Limits...
DRUM: a new framework for metabolic modeling under non-balanced growth. Application to the carbon metabolism of unicellular microalgae.

Baroukh C, Muñoz-Tamayo R, Steyer JP, Bernard O - PLoS ONE (2014)

Bottom Line: Then, thanks to Elementary Flux Mode analysis, each sub-network is reduced to macroscopic reactions, for which simple kinetics are assumed.DRUM was applied to the accumulation of lipids and carbohydrates of the microalgae Tisochrysis lutea under day/night cycles.It efficiently predicts the accumulation and consumption of lipids and carbohydrates.

View Article: PubMed Central - PubMed

Affiliation: INRA UR050, Laboratoire des Biotechnologies de l'Environnement, Narbonne, France; INRIA-BIOCORE, Sophia-Antipolis, France.

ABSTRACT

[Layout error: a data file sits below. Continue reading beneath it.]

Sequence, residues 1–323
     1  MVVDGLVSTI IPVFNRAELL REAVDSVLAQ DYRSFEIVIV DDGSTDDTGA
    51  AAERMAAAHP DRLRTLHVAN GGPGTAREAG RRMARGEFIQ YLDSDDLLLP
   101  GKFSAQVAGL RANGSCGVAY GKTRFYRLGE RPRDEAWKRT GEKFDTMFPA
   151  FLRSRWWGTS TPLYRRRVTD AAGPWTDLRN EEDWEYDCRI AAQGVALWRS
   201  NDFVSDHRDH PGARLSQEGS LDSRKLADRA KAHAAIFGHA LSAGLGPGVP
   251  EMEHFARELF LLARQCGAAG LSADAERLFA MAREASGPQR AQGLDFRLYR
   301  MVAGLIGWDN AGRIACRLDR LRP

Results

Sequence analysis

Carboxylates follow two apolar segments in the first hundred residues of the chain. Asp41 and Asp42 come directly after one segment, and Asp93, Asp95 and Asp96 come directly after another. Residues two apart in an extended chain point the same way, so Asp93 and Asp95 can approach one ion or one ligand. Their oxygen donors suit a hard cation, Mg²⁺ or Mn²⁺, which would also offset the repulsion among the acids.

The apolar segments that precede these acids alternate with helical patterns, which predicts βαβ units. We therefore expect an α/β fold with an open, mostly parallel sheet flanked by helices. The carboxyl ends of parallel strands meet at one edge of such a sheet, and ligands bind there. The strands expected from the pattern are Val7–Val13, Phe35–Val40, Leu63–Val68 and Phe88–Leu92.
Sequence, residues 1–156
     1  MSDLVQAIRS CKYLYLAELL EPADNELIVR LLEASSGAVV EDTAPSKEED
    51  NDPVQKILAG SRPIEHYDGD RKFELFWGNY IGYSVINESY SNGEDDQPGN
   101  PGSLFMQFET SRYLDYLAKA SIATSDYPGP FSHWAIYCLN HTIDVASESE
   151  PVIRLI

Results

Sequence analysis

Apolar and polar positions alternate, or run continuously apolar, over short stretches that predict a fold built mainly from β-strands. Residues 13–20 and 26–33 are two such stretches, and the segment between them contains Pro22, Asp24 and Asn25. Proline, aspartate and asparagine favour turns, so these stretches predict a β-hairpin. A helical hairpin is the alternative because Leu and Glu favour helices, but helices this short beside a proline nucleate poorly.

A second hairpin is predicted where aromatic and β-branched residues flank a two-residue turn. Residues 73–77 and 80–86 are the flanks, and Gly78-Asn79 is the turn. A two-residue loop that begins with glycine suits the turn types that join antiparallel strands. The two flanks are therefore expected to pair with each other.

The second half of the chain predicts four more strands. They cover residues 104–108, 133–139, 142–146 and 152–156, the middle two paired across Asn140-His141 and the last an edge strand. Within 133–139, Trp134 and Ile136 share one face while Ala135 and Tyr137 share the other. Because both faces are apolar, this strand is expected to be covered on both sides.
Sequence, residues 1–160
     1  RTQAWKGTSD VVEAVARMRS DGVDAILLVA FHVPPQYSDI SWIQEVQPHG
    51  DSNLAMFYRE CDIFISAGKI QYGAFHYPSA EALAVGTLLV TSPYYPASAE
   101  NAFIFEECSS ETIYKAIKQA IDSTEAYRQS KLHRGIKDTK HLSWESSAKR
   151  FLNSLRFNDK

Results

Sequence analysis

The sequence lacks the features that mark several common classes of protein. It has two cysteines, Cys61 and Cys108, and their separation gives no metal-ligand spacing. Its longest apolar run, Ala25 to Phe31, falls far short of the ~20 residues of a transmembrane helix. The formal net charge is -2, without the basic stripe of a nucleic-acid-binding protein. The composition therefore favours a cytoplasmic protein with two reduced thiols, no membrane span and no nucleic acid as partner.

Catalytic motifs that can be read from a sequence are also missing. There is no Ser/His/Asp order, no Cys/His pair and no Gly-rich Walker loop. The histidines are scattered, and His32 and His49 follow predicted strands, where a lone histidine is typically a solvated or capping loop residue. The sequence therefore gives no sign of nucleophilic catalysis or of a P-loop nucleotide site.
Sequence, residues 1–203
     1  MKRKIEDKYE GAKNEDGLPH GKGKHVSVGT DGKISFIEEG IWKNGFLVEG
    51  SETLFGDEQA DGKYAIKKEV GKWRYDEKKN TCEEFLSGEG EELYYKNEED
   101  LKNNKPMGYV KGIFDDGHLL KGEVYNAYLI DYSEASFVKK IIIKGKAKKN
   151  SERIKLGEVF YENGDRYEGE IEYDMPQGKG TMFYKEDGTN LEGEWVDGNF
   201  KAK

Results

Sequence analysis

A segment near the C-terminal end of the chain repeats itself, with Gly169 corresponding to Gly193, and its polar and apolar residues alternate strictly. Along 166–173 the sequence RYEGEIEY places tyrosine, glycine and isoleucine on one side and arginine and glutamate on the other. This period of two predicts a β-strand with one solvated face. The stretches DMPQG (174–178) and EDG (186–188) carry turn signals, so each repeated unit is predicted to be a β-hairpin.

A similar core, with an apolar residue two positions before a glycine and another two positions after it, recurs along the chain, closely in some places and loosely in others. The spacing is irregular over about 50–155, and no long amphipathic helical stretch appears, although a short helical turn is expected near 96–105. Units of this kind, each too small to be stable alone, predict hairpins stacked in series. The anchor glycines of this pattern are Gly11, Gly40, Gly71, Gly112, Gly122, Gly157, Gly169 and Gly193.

Metabolic modeling is a powerful tool to understand, predict and optimize bioprocesses, particularly when they imply intracellular molecules of interest. Unfortunately, the use of metabolic models for time varying metabolic fluxes is hampered by the lack of experimental data required to define and calibrate the kinetic reaction rates of the metabolic pathways. For this reason, metabolic models are often used under the balanced growth hypothesis. However, for some processes such as the photoautotrophic metabolism of microalgae, the balanced-growth assumption appears to be unreasonable because of the synchronization of their circadian cycle on the daily light. Yet, understanding microalgae metabolism is necessary to optimize the production yield of bioprocesses based on this microorganism, as for example production of third-generation biofuels. In this paper, we propose DRUM, a new dynamic metabolic modeling framework that handles the non-balanced growth condition and hence accumulation of intracellular metabolites. The first stage of the approach consists in splitting the metabolic network into sub-networks describing reactions which are spatially close, and which are assumed to satisfy balanced growth condition. The left metabolites interconnecting the sub-networks behave dynamically. Then, thanks to Elementary Flux Mode analysis, each sub-network is reduced to macroscopic reactions, for which simple kinetics are assumed. Finally, an Ordinary Differential Equation system is obtained to describe substrate consumption, biomass production, products excretion and accumulation of some internal metabolites. DRUM was applied to the accumulation of lipids and carbohydrates of the microalgae Tisochrysis lutea under day/night cycles. The resulting model describes accurately experimental data obtained in day/night conditions. It efficiently predicts the accumulation and consumption of lipids and carbohydrates.